Elon Musk’s space internet gives Native American tribe access to high-speed broadband for first time
A remote Native American tribe is among the first users of Elon Musk’s Starlink space internet project after it connected to SpaceX’s constellation of satellites.
The Hoh Tribe in Washington State said Starlink’s high-speed broadband enabled remote learning and telehealth appointments during the coronavirus pandemic for the first time.
“We’re very remote. The last eight years I felt like we’ve been paddling up river with a spoon and almost getting nowhere with getting internet to the reservation,” said Melvinjohn Ashue, vice chairman of the Hoh Tribe.
“It seemed like out of nowhere, SpaceX came up and just catapulted us into the 21st century.”
There are currently around 800 Starlink satellites in low-Earth orbit, offering internet connectivity to northern areas of the US and Canada. SpaceX eventually plans to launch tens of thousands more satellites to provide “near global coverage of the populated world by 2021”.
The Hoh Tribe were introduced to Starlink through the Washington State Department of Commerce, which sits within the current reach of the Starlink network.
It is one of several early testers of Starlink , with emergency responders in Washington State also recently using the network to set up a WiFi hotspot for residents of Malden after 80 per cent of the town was destroyed by wildfires.
The Hoh Tribe revealed that internet speeds prior to Starlink ranged from between 0.3 and 0.7 megabits per second (Mbps) – a long way off the 100Mbps advertised by SpaceX.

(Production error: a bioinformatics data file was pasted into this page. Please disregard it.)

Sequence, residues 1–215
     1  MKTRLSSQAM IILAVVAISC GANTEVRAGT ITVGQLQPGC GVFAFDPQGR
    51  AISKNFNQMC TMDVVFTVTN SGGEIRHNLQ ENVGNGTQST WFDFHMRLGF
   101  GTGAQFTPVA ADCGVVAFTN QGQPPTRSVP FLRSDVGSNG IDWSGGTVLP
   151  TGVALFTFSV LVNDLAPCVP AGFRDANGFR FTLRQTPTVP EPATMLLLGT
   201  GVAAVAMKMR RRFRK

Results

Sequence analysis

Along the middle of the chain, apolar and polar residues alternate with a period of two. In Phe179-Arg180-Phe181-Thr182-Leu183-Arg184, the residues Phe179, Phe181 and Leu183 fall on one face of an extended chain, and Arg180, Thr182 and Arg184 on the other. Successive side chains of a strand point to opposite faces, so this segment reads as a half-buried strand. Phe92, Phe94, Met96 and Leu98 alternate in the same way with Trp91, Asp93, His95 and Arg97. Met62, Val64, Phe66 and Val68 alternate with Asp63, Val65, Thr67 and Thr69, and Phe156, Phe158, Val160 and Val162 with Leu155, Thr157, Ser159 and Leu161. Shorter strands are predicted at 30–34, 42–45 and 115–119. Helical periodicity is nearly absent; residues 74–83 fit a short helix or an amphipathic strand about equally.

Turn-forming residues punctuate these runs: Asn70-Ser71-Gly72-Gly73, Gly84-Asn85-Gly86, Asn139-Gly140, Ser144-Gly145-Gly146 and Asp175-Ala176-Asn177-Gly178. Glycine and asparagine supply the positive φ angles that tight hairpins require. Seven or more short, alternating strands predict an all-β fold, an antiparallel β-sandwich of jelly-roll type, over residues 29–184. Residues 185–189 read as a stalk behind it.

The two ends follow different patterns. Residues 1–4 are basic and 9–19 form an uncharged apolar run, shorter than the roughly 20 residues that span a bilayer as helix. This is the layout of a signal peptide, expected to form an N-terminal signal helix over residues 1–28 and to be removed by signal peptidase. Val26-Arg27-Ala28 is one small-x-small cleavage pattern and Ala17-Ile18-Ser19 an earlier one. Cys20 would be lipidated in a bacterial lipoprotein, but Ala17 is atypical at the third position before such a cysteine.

What a difference high-speed internet can make! Our children can participate in remote learning, residents can access #healthcare. We felt like we’d been paddling up-river with a spoon on this. @SpaceX Starlink made it happen overnight. Thanks @WAStateCommerce for introduction.
— Hoh Tribe (@TribeHoh) October 7, 2020
Responding to a tweet from the
Elon Musk says Starlink now has enough satellites in orbit to launch a public beta of its high-speed internet service
- Elon Musk said on Tuesday that SpaceX’s internet satellite project, Starlink, had launched enough satellites for its public beta.
- Once the most recently launched satellites are in position, the company will roll out a “fairly wide public beta” in the northern US and southern Canada, Musk tweeted.
- Starlink’s goal is to put a constellation of satellites into orbit that can beam high-speed internet to remote parts of Earth.
Elon Musk’s goal of beaming high-speed internet to remote parts of Earth using orbiting satellites just got a step closer to reality.
SpaceX on Tuesday launched a batch of 60 Starlink satellites, bringing the total number in orbit to more than 700, according to Ars Technica. Musk, SpaceX’s CEO, said this was enough for a public beta.
“Once these satellites reach their target position, we will be able to roll out a fairly wide public beta in northern US & hopefully southern Canada,” he tweeted after the launch.
This beta would include the Detroit metro area and Ann Arbor, Michigan, he said in response to a question.
“Other countries to follow as soon as we receive regulatory approval,” he added.